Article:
The eh team

CNN’s Piers Morgan and his guest Colin Firth were talking last night about how tough it is for Brits to make it big in the United States. Which got me to thinking that Canadians are doing just fine in that department, thank you.

Even ten years ago Canada boasted multiple comics (Martin Short, Eugene Levy and Jim Carrey), some singers (Shania Twain, Gordon Lightfoot and Anne Murray), broadcasters (Peter Jennings and Peter Kent) and a movie star or three (Donald and Kiefer Sutherland, Christopher Plummer.) As for business, however, there were more failures than successes in the (Canadian Tire, Peoples Jewellers).

Now there’s a new generation who are not only successful in the U.S., but also have attained global stature. Think of Arcade Fire, Justin Bieber, Yann Martel and Malcolm Gladwell. In business there’s now a string of success stories including Cirque du Soleil, Lululemon with stores in more than 35 states and Tim Hortons with more than 600 locations in the U.S.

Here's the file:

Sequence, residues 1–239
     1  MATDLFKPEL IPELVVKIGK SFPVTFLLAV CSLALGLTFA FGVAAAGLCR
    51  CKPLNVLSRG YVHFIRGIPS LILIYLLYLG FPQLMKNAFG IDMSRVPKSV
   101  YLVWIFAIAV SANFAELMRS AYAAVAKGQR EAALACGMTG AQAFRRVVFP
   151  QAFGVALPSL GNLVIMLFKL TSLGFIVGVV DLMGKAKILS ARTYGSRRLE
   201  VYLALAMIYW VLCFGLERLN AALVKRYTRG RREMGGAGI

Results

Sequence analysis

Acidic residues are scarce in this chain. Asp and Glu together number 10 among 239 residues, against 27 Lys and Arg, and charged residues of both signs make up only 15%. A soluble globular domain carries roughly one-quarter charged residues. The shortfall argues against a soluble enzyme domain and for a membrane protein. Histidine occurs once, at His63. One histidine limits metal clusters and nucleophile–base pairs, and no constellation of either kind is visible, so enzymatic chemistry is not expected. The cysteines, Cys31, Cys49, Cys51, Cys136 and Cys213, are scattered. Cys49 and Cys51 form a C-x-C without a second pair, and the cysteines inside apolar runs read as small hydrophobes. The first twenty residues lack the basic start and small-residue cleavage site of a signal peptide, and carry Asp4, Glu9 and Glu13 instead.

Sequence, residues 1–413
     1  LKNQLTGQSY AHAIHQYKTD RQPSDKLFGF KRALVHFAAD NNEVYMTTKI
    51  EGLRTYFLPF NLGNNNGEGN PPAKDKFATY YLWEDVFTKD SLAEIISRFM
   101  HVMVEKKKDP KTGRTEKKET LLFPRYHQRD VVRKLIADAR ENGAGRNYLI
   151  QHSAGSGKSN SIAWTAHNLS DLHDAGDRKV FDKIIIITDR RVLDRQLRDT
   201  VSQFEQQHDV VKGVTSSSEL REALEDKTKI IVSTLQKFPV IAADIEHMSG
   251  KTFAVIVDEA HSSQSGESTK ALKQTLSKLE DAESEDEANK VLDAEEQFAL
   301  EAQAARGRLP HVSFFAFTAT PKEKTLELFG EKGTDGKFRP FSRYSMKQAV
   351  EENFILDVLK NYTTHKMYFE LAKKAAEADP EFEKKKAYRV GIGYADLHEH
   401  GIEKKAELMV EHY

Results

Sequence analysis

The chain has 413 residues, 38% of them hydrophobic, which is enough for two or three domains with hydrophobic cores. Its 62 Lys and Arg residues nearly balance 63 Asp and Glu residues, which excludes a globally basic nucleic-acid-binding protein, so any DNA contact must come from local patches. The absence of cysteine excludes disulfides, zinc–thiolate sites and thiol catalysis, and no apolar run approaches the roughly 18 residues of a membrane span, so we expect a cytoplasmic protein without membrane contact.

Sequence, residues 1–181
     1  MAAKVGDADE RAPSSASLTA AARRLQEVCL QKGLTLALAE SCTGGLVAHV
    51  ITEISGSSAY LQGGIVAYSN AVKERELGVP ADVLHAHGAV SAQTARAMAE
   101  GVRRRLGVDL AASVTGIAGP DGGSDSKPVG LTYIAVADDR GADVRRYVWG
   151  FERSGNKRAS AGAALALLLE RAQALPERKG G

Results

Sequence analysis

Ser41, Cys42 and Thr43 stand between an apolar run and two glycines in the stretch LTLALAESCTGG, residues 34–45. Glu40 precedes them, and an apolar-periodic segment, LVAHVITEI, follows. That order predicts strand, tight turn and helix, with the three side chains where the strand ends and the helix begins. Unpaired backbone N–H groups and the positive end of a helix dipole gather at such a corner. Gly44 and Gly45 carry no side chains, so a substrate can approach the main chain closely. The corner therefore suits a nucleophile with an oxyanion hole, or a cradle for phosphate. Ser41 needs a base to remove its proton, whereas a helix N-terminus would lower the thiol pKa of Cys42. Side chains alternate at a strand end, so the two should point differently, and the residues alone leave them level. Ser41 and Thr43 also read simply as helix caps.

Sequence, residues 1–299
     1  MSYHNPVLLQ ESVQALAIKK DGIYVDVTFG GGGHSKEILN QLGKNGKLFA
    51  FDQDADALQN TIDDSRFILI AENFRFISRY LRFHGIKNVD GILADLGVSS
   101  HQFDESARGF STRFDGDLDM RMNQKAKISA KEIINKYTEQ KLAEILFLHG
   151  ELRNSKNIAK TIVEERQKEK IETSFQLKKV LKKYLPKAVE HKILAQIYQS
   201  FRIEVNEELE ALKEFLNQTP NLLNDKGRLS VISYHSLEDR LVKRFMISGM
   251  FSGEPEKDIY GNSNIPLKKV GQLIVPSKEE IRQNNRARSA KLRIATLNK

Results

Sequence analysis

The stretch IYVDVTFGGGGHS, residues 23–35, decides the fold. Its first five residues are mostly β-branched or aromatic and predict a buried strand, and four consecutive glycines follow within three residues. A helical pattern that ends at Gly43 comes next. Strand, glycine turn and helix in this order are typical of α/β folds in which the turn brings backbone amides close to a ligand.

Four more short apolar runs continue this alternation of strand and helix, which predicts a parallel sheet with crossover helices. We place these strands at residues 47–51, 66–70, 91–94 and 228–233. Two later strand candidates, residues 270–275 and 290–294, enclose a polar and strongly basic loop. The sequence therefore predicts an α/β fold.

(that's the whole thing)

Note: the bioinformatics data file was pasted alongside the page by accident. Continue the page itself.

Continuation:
When I was bureau chief for The Financial Post in Washington, D.C., I shared offices with The Financial Times. One day, FT correspondent Lionel Barber (now editor) stuck his head in my door and said, “I’ve been looking at the awards hanging on your wall. For a while, I was intimidated. And then I thought, ‘Such a small country.'”

I didn’t tell him that some of the awards were from American organizations. But no matter. For a small country, I think Canadians are faring well in the U.S. and always have.

If that’s your measure of success.

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